Fractures may be further classified by cause as pathologic, stress, or transchondral. A pathologic fracture is a break at the site of a preexisting abnormality (such as a tumor), usually by force that would not fracture a normal bone. Any disease process that weakens a bone (especially the cortex) predisposes the bone to pathologic fracture, commonly associated with tumors, osteoporosis, infections, and metabolic bone disorders.

Stress fractures occur in normal or abnormal bone that is subjected to repeated forces, such as occurs during athletics. Fatigue fractures are caused by abnormal stress or torque applied to a bone with normal ability to deform and recover (e.g., joggers, dancers, military recruits) and are a type of stress fracture. Insufficiency fractures include fragility fractures of osteoporosis and osteomalacia, and occur in bones lacking normal ability to deform and recover (i.e., normal weightbearing or activity fractures the bone).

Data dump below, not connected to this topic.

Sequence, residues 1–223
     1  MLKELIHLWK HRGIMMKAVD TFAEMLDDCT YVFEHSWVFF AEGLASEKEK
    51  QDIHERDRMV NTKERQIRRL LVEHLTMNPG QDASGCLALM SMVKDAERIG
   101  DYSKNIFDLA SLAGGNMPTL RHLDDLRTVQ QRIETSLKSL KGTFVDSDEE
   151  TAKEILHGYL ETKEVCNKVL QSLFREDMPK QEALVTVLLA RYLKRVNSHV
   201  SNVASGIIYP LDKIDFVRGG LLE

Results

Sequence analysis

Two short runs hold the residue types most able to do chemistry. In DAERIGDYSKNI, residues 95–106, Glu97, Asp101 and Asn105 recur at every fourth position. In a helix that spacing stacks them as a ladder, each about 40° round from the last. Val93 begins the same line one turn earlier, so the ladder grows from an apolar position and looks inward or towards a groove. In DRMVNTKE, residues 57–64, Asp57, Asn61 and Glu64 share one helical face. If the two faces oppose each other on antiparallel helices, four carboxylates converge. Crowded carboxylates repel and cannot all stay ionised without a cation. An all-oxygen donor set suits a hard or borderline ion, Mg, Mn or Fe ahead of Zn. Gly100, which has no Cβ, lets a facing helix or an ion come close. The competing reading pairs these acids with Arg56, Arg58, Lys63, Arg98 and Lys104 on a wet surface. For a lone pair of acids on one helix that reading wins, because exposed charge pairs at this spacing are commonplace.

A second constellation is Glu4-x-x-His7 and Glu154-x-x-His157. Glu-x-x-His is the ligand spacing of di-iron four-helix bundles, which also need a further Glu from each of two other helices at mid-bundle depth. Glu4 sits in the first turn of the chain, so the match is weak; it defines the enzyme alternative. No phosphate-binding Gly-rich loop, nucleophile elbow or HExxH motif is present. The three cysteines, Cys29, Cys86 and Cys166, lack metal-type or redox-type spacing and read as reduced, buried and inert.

A transchondral fracture consists of fragmentation and separation of a portion of the articular cartilage that covers the end of a bone at a joint. (Joint structures are defined in Chapter 43.) The fragments may consist of cartilage alone or cartilage and bone. Typical sites of transchondral fracture are the distal femur, the ankle, the kneecap, the elbow, and the wrist. Transchondral fractures are most prevalent in adolescents.